[Noah Webster, 1758-1843] The Pirates: A Tale for the Amusement and Instruction of Youth...
Philadelphia: Johnson and Warner, 1813. A 813p
This little book caught my eye as I trolled through the Library shelves one recent morning. Actually, I could only see the spine, which is blank, but that's really the only invitation one needs to pull a book off the shelf. You never know what lurks between the covers of a book around here. This one turned out to have a great binding with an embossed (I guess you would call it) portrait of a pirate. (The pirate himself bears a vague resemblance to Keith Carradine as Wild Bill Hickock in HBO's Deadwood. (Incidentally, Keith Carradine also played Pierce Butler in the TV movie Enslavement: The True Story of Fanny Kemble. There's another Rosenbach connection there, but I digress.) Whoever did the leatherwork here had trouble with the pirate's right foot and left pistol and had to go back to redo both. Only adds to the charm, if you ask me. I also like the touch of the deck boards receding into the background.
So, underneath the wonderful cover is The Pirates: A Tale for the Amusement and Instruction of Youth... (Philadelphia: Johnson and Warner, 1813). I've read it, and frankly, it's hard to see how the youth of 1813 could have been amused by this tale. Instructed, perhaps, but not likely too amused. It tells the story of Fidelo, a psychopathic Sicilian teenager who murders his dog, terrorizes neighborhood children, tries to drown his brother, and steals his poor widowed father's fishing boat. He falls in with bloodthirsty pirates and goes about plundering the coast of Italy. He eventually becomes their captain, but is caught by the King of Naples. "After making confession of some of the most diabolical action that ever was heard of, [Fidelo was] hung, and gibbeted in the most public part of the town, with this inscription painted in large letters on the gallows: "THE REWARD OF PIRATES.""
That does sound amusing. Unless the children of that era had the same enthusiasm for camp and irony that good American sons and daughters of the late twentieth-century do, I doubt they clamored for this one at bedtime. Speaking of which, this story reminds me of that epiosode of The Brady Bunch in which Bobby idolizes Jesse James, only to learn from kind old Mr. Jethroe Collins, whose father was shot in the back by the outlaw, that "Jesse James was a mean dirty killer... a mean dirty killer... a mean dirty killer..." (Click here and scroll down to relive Bobby's nightmare after talking to Mr. Collins.) Maybe there is something timelessly cautionary about Fidelo's tale. Bobby didn't become an outlaw, right? Perhaps none of the youth who read The Pirates took to plundering the high seas.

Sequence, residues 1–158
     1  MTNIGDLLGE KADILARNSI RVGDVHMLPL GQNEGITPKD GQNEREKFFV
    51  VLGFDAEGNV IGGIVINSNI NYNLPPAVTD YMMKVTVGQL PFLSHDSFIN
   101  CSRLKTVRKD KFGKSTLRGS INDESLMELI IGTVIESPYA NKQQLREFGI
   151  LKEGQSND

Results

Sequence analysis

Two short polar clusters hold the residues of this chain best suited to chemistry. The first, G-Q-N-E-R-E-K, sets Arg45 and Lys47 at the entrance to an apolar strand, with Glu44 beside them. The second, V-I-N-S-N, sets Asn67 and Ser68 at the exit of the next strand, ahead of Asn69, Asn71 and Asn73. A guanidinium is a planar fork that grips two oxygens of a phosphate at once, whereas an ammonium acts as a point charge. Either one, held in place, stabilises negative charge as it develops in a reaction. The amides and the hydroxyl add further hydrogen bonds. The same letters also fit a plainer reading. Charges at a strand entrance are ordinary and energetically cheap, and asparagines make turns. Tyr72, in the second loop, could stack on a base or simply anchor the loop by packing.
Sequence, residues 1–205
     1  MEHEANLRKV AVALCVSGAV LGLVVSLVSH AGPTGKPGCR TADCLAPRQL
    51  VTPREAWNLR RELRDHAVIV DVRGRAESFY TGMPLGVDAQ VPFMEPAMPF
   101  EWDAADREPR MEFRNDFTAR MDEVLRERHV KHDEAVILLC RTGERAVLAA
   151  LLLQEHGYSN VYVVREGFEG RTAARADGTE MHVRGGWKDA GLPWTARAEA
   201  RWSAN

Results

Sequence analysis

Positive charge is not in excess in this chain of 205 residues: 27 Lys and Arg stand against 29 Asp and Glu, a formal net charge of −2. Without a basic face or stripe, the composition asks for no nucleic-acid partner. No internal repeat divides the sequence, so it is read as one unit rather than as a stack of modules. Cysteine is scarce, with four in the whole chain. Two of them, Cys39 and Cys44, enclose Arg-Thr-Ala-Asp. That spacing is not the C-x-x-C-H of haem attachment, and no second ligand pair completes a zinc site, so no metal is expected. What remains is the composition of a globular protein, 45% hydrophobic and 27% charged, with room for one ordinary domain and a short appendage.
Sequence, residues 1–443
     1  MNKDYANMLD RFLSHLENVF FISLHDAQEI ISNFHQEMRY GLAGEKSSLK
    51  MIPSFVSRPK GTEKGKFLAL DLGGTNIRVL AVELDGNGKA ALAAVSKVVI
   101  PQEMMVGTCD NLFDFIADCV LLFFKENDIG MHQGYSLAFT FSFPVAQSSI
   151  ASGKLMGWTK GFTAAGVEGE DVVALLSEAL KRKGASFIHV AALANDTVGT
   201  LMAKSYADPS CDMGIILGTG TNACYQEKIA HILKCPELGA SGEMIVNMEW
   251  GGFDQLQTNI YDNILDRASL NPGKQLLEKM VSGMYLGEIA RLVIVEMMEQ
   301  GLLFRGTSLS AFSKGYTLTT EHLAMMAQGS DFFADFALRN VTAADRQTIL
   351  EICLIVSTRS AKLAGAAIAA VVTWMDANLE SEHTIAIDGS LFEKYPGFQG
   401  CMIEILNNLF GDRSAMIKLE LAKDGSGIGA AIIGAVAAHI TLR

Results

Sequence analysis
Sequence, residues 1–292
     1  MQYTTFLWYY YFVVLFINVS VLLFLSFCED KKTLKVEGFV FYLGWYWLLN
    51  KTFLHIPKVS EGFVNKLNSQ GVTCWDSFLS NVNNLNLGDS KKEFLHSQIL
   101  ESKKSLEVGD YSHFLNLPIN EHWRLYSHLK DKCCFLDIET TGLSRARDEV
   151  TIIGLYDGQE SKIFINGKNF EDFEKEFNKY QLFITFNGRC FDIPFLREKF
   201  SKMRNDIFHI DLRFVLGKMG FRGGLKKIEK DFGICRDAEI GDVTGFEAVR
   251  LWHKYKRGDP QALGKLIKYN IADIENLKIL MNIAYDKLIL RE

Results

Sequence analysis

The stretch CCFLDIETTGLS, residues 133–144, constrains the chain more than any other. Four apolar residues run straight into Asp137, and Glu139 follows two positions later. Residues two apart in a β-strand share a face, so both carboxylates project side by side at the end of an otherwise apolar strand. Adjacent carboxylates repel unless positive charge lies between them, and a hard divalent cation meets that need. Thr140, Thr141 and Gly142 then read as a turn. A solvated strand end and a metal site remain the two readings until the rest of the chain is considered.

Aside from the cover, the woodcuts which accompany the text are quite nice, too.
I completely overlooked this detail before, but the author of this diverting little tale is none other than Noah Webster, the famous American lexicographer. That adds another dimension to this discussion, but I just don't know enough about Webster. If I retained anything from a recent New Yorker article about him, it's that Webster wasn't a lot of fun. Reading this story along with the stern, moralistic prose and verse pieces that fill out the book certainly confirms that impression.
I should note that the fact that Webster wrote a children's book probably explains why the book is here -- Dr. Rosenbach collected early American children's books. And this one appears to be pretty rare. Yale is the only library listed on WorldCat with a copy.
Anyway, that's your dispatch from the Rosenbach's Library for this week.
UPDATE: Rosenbach docents are sharp. One recently wrote to ask why this book didn't go to the Free Library of Philadelphia with the rest of Doctor Rosenbach's famous collection of early American children's books. I checked the Free Library's catalog, and it turns out they have a copy, too (call number: RBD ROS 479). I suspect that copy was part of Dr. R.'s gift, but I'm waiting for confirmation on that. Their catalog record also notes that Webster bibliographer Emily Skeel has questioned the attribution of authorship to Noah Webster.